Learn to read, write and pronounce Korean

A much-improved version of this course has now been published by Teach Yourself. It features a better letter order, many more exercises, more types of exercises, and complete audio of every single Korean word. Please use this course instead: "Korean Script Hacking" by Judith Meyer. You will also be supporting my work as a course creator. This web course will no longer be updated.

Lesson 3

Welcome back! This is the 3rd lesson of "Learn to read, write and pronounce Korean". In the previous two lessons, you already learned a total of 8 letters. In this lesson, you will learn 4 additional basic letters, many new Korean words and you will begin to use your knowledge actively in writing, rather than just reading.

The first new letter is the vowel O:

This is pronounced like the oa in boat. Listen here. Since this vowel is much wider than it is tall (unlike the vowels you have learned so far), it would be difficult to fit it next to a consonant in a little square box. That is why it has to go below the consonant, saving much space this way.

As an exercise, try to read the following Korean words that contain the letter O. As usual, move your cursor over the Korean word in order to see the solution appear.

오만 Arab country o-man     Oman
밀라노 city in Northern Italy mil-la-no     Milan
로마 capital of Italy lo-ma     Rome
모로니 capital of Comoros mo-lo-ni     Moroni
나이로비 capital of Kenya na-i-lo-bi     Nairobi
일리노이 state of the USA il-li-no-i     Illinois

Even when the vowel is already below the consonant, it is still possible to add another consonant below that vowel in order to have a syllable that ends in a consonant. Examples:

볼리비아 country in South America bol-li-bi-a     Bolivia
city in Western Germany bon     Bonn
바이올린 music instrument ba-i-ol-lin     violin
style of music lok     rock

It is also possible to have o at the end of a syllable. "Wait a minute! Didn't you say that this consonant is just a placeholder?" When it comes at the beginning of a syllable, it is just a placeholder enabling the syllable to start with a vowel. When it comes at the end of a syllable, it is pronounced like the ng in ring. Practise reading these words now:

가봉 country in Western Africa ga-bong     Gabon
앙골라 country in Southern Africa ang-gol-la     Angola
리옹 city in France li-ong     Lyon
몽골 country north of China mong-gol     Mongolia
볼링 hobby bol-ling     bowling

Time for a new consonant: meet Digeut.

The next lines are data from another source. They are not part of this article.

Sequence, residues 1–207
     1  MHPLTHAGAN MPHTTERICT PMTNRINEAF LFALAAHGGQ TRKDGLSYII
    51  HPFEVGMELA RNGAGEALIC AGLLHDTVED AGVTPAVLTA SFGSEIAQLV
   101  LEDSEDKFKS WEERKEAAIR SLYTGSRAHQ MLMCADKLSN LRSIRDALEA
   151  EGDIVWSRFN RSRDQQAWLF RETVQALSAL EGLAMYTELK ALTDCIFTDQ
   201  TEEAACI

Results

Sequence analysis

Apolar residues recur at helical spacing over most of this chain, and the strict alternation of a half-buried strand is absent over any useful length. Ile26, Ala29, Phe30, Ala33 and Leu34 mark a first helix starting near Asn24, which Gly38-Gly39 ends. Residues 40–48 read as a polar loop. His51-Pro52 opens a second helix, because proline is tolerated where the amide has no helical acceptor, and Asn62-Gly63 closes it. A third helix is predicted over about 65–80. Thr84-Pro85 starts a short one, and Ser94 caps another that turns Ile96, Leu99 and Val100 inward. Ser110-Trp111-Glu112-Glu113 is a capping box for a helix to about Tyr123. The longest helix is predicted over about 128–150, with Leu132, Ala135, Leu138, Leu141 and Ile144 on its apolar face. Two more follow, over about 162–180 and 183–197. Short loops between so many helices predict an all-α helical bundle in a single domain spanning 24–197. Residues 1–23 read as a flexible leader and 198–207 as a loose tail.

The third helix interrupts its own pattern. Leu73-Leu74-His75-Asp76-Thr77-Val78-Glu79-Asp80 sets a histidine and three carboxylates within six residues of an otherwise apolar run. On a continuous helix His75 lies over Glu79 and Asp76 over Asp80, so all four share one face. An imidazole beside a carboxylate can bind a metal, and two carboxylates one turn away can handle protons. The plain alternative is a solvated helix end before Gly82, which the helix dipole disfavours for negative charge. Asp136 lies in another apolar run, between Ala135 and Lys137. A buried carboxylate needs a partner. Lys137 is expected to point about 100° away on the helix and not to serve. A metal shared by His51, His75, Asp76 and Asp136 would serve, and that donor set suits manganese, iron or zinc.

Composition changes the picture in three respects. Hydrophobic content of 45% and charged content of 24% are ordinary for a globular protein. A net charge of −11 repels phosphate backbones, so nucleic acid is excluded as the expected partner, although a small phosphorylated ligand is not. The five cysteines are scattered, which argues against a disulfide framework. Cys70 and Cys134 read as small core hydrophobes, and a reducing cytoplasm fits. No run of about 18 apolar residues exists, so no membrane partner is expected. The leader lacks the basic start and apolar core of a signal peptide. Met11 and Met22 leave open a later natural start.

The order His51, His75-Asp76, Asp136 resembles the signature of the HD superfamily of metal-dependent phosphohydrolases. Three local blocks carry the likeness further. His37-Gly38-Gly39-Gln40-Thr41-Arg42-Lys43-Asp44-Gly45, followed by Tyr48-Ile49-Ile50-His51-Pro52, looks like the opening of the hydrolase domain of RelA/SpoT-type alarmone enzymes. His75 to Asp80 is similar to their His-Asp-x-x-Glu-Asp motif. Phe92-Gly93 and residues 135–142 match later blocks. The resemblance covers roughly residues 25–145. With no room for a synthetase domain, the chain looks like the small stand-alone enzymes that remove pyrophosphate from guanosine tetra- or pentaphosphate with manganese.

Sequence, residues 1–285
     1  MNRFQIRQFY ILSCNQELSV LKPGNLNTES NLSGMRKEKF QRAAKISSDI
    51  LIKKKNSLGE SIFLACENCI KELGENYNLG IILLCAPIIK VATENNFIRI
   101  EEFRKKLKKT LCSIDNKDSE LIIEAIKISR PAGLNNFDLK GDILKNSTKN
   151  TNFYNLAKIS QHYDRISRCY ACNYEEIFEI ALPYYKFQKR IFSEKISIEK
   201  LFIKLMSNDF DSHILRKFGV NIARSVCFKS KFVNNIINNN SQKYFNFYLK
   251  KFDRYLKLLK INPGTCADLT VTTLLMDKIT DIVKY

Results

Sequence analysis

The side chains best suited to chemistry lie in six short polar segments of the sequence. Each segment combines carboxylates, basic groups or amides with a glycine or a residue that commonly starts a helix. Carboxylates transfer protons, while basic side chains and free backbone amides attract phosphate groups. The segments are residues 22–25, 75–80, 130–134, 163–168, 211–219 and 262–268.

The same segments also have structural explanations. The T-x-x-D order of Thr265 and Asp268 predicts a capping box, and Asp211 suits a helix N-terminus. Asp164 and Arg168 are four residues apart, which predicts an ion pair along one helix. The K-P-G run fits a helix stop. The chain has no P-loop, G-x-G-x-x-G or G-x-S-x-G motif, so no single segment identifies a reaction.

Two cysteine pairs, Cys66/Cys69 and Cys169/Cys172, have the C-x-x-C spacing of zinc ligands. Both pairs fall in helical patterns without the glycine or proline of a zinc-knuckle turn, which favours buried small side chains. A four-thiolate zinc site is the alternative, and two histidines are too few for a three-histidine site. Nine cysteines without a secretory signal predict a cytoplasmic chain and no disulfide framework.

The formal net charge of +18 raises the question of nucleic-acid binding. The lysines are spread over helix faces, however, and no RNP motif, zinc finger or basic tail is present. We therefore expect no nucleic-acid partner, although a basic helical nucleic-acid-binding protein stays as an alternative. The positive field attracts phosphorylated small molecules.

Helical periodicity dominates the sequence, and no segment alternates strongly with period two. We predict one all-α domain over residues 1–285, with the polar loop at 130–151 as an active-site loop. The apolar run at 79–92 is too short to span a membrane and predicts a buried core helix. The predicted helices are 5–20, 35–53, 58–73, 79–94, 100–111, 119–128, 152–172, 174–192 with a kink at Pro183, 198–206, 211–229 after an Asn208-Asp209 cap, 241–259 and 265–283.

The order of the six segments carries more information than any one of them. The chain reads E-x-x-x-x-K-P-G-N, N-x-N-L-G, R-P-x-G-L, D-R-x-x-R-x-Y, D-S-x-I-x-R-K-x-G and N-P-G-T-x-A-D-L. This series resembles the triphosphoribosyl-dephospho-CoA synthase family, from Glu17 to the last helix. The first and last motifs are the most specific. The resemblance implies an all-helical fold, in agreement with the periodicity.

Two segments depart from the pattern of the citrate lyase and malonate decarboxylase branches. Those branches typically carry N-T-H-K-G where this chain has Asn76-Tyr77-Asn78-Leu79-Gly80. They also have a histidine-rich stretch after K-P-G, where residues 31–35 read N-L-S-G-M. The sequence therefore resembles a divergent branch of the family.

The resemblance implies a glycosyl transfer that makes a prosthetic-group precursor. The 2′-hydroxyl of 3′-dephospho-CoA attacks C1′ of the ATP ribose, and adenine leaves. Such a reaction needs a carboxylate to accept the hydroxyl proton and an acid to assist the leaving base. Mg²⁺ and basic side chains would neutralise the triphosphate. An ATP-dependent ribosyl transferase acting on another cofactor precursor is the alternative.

This letter is pronounced like a t or d. Here's a recording of Digeut.

Practise reading:

빌딩 a house, hall, skyscraper or the like bil-ding     building
안도라 tiny country between France and Spain an-do-ra     Andorra
인도 big country in Asia, former British colony in-do     India
라디오 extremely popular before there was television la-di-o     radio
비디오 now being replaced by DVD bi-di-o     video

And here's Shiot:

Shiot is pronounced like an s. Listen to Shiot.

Here are words to practise with:

사나 capital of Yemen sa-na     Sana'a
시리아 country in the Middle East si-ri-a     Syria
미시간 state of the USA mi-si-gan     Michigan
소말리아 country in Eastern Africa so-mal-li-a     Somalia
사담 former Iraqi ruler sa-dam     Saddam

The last letter for this lesson is:

This vowel looks just like an ordinary horizontal line. It is much wider than tall, so it is also written below the preceding consonant rather than next to it. It's pronunciation is a bit strange, somewhat like the French u or the German ü. It's between the English oo and ee sounds. The u in the English word mure is probably one of the closest examples of the sound in English. It's hard to describe sounds like this, so why don't you just listen to it here. In words of foreign origin, it is often an in-between sound used to make consonant clusters more pronounceable for the Koreans. (i.e. It is used as a neutral vowel sound; it even sounds like schwa.) It is transcribed as eu.

Words for practise:

보스니아 Balkan country bo-seu-ni-a     Bosnia
아그라 city whose main attraction is the Taj Mahal a-geu-ra     Agra
그리스 European country geu-ri-seu     Greece
그린란드 very cold country geu-lin-lan-deu     Greenland
아이슬란드 also very cold country a-i-seul-lan-deu     Iceland
라오스 country in South-East Asia la-o-seu     Laos
아디스아바바 capital of Ethiopia a-di-seu-a-ba-ba     Addis Ababa
이슬라마바드 capital of Pakistan i-seul-la-ma-ba-deu     Islamabad
리스본 capital in Europe li-seu-bon     Lisbon
마드리드 another capital in Europe ma-deu-ri-deu     Madrid
오슬로 another European capital o-seul-lo     Oslo
시드니 city in Australia si-deu-ni     Sydney

Having been able to read all these words, do you think you could guess how to write "Asmara"(the capital of Eritrea) in Korean? Try to write it down. Hint: since syllables can't end in s, this name has four syllables in Korean: a-seu-ma-ra. Here's another one to try to write down: "Madras"(ma-deu-ra-seu).

Asmara a-seu-ma-ra   ->   아스마라
Madras ma-deu-ra-seu   ->   마드라스

Are you still with me? If you didn't have trouble with this lesson, you are ready to go on to lesson 4, where you will learn the rest of the simple letters and continue practising your writing skills.

More resources for learning Korean

Your first 100 words in Korean: demystifying the Korean script
Integrated Korean: Beginning level 1 textbook
Teach yourself Korean (complete course, romanisation only)
Rosetta Stone Korean
Langenscheidt's Pocket dictionary Korean-English
Lonely Planet Korean phrasebook
Reference grammar of Korean
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